MIKE DAVIS: Well, you’ve had a strike outbreak and workplace actions from mid-March, and I think there have probably been about 500 of these, 500 different workplaces that have had protests. You had a big national day of action by the nurses in mid-April. You, of course, had the May Day essential workers’ general strike. But you’ve had strikes in all kinds of places — a really heroic struggle by sanitation workers in New Orleans. In the Yakima Valley of Central Washington, which is Grapes of Wrath country, if people know anything about that area, there are some strikes going on right now of people who work in the fruit-packing houses and the seasonal workers who live in the dormitories, because their conditions are very similar to that of people working in the big pork and beef processing plants, and, of course, then also a lot of protests in the
poultry plants throughout the South.
People are not going gently into Trump’s good night. They’re fighting like hell. But the problem is: Have you read about this very often? Have you heard about it even on CNN? And you haven’t, because there’s not been any kind of decisive action from the Democrats to support the protests, or by the progressives to build a national movement in solidarity. I mean, Bernie Sanders and the Progressive Caucus, as they always do, support the strikers, but basically everything is tied up in negotiations with Biden and passing legislation in the House of Representatives under the iron thumb of Nancy Pelosi which contain massive concessions. I mean, right now it looks like one of the things that may be given away is removal of any liability from private companies and, above all, from the nursing home industry. And I think we’ll see by the end of the year that probably about 40 to 50% of the deaths in this country have occurred in nursing homes.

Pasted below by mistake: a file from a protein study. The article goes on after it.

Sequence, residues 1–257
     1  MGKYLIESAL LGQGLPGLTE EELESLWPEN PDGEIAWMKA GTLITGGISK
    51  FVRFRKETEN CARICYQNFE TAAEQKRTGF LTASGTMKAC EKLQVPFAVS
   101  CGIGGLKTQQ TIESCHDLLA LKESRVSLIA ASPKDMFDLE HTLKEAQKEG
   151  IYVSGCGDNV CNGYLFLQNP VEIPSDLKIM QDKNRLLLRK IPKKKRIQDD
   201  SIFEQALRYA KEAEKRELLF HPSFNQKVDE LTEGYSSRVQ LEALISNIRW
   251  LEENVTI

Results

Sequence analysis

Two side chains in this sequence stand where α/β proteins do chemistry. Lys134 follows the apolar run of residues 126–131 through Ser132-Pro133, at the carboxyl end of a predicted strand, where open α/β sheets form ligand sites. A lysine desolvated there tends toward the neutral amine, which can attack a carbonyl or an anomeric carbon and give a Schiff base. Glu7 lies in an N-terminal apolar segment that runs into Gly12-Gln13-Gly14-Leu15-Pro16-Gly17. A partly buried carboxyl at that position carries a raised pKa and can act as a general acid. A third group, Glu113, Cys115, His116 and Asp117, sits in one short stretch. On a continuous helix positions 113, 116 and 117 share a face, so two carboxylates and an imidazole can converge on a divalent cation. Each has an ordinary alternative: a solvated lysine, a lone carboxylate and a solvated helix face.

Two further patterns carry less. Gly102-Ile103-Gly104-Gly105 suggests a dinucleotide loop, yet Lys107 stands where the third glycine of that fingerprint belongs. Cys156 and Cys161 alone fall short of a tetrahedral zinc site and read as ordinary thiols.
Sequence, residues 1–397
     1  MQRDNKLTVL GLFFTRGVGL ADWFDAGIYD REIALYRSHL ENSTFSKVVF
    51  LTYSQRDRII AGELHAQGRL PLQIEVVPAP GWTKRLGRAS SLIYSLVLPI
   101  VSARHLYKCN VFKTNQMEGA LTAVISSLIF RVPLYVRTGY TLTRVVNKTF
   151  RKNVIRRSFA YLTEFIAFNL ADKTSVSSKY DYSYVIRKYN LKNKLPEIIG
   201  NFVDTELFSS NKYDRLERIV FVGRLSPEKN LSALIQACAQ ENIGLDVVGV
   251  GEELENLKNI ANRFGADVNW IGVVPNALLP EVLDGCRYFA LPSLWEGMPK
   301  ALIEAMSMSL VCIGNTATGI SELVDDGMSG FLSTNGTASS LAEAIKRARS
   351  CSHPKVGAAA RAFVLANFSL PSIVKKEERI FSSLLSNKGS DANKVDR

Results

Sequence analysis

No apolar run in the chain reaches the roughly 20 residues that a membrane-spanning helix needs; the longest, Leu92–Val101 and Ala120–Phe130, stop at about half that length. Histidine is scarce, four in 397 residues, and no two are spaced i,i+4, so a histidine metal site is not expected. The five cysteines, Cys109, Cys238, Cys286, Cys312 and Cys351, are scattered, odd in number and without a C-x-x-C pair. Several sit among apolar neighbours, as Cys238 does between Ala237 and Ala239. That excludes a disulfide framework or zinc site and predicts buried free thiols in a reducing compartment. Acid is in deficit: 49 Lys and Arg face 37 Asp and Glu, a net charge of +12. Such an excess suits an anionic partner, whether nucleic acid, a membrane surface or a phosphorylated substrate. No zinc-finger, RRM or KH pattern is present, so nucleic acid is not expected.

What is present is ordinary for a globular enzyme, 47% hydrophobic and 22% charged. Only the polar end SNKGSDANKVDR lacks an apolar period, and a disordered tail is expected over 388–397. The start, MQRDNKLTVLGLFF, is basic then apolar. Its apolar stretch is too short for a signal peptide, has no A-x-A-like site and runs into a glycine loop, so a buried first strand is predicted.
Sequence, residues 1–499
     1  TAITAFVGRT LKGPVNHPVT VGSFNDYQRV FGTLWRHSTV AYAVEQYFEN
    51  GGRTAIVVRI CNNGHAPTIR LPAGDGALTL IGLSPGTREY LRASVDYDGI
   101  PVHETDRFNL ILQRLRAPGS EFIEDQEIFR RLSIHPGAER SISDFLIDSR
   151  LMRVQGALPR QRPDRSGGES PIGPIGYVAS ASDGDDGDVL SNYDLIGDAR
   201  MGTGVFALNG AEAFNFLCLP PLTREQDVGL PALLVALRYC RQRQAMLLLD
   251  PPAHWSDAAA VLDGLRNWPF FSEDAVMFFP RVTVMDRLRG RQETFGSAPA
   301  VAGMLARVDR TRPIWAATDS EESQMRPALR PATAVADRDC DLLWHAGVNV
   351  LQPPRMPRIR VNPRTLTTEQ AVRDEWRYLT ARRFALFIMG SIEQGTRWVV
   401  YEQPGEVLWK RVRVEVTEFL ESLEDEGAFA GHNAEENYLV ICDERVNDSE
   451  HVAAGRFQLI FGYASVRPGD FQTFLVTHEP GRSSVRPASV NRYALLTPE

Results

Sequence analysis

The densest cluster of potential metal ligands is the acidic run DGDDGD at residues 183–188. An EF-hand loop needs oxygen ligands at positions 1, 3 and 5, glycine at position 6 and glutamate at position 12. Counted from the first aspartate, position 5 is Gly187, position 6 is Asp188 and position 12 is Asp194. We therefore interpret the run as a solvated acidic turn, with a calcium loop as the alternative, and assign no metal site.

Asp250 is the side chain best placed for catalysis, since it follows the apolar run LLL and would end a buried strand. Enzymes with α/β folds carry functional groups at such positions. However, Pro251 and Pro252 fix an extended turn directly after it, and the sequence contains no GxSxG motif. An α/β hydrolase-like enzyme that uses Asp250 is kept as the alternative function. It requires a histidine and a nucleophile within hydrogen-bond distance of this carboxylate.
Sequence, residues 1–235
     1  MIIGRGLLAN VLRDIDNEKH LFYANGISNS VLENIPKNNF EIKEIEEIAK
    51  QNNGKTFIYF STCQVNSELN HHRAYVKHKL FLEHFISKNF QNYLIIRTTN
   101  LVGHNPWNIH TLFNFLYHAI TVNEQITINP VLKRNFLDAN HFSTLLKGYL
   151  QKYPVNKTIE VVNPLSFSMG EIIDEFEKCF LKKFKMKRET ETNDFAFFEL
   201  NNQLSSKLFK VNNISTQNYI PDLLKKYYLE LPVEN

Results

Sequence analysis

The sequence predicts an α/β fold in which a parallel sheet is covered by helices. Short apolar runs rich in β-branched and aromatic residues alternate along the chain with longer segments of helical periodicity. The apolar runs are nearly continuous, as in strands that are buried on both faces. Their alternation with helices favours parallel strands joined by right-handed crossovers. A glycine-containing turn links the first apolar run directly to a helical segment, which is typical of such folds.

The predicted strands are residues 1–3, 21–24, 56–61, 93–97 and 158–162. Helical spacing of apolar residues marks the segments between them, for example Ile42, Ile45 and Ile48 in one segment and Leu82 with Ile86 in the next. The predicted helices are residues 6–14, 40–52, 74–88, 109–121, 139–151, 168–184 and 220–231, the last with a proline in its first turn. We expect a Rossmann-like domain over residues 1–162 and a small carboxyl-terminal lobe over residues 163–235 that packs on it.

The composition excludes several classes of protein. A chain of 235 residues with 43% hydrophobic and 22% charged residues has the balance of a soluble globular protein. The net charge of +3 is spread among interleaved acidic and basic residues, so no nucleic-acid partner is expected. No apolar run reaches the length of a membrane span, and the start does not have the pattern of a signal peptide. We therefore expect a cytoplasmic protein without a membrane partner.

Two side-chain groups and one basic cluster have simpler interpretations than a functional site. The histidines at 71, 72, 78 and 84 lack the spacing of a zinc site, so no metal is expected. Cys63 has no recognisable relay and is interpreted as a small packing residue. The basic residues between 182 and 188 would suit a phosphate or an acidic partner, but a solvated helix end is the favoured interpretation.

AMY GOODMAN: So, these protests at the plants — the amazing fact of what President Trump has done, after the Tyson CEO, John Tyson, said the supply chain is breaking, Trump issued an executive order forbidding states to intervene and shut down plants. As workers were dying, as thousands have tested positive, he invoked this executive order, saying no to closing the plants. Then, as we record this, he’s just come from Michigan, where he went into a plant. This is as he’s opening for Memorial Day weekend. You’d think he’d want to minimize deaths and be an example in the country. All of the workers at the plants, the executives at this Ford plant in Ypsilanti, were wearing masks. President Trump refused. When confronted by the press, he said, “Oh, I wore one like backstage, in the back.” This isn’t like taking a pill, and then it protects you. You wear it because you’re with people, and you’re trying to protect them from coronavirus, as well as protect yourself. Can you talk about the actions he’s taking?